Smith’s Block

Originally built in 1872, Smith’s block was just one of nine Portland buildings featuring one of the more popular Portland cast iron patterns. Now, it is the only survivor amongst those buildings.

During the 1950’s, the quarter of the building on 1st and Ash was torn down and turned into a parking lot. Despite this loss, the rest of the block remains and has been restored as recently as 2008.

Stay tuned! More to come and as always, send us your suggestions PDX!

Is Portland LEEDing the Sustainability Race?

"General Automotive Building Portland Oregon LEED"

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We all hear about the ‘Greening’ of our office buildings across the country and Portland, Oregon, is certainly no exception. With more and more national press spotlighting Portland, Portlanders are justifiably proud of their majestic city.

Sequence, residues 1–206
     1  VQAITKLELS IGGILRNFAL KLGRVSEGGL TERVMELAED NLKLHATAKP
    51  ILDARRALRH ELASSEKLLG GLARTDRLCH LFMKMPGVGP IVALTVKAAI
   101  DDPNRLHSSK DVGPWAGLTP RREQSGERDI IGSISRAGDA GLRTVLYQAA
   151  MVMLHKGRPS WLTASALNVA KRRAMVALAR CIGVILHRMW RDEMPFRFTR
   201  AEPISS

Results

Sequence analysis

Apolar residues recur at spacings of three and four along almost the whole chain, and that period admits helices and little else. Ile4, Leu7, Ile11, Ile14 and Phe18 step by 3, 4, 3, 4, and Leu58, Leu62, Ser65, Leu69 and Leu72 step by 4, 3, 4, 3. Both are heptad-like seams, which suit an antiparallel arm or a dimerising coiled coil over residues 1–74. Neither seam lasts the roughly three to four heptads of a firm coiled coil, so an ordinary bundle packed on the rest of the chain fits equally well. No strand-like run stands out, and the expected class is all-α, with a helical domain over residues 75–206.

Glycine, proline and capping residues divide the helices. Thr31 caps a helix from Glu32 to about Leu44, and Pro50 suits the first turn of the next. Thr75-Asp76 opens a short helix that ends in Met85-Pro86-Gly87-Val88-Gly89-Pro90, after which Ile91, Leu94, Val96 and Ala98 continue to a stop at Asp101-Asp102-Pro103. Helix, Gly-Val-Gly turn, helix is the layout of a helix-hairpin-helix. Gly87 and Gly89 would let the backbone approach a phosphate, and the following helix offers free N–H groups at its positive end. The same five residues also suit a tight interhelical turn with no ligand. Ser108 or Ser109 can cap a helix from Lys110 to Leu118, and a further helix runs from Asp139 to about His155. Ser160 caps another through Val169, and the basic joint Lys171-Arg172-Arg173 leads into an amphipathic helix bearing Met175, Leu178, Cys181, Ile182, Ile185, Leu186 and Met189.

The General Automotive Building located at 411 NW Park Avenue, in the heart of the Pearl District in Portland is one of many local showpieces for the core principles of Green Design and Construction. The building is striving to earn LEED Platinum Certification, which will further reinforce Portland’s reputation as the nation’s leader in sustainable urban development.

This remodel of a 1930s building blends the charm of tradition and sustainability of a modern, efficient Green Building.  The remodel allows for increased water and energy efficiency, and a superior work environment in terms of indoor air quality, natural light, design and construction quality. The design team at ConoverBond worked with the existing structural systems, column bays, operative windows and the original brick walls to preserve as much of the original structure as possible.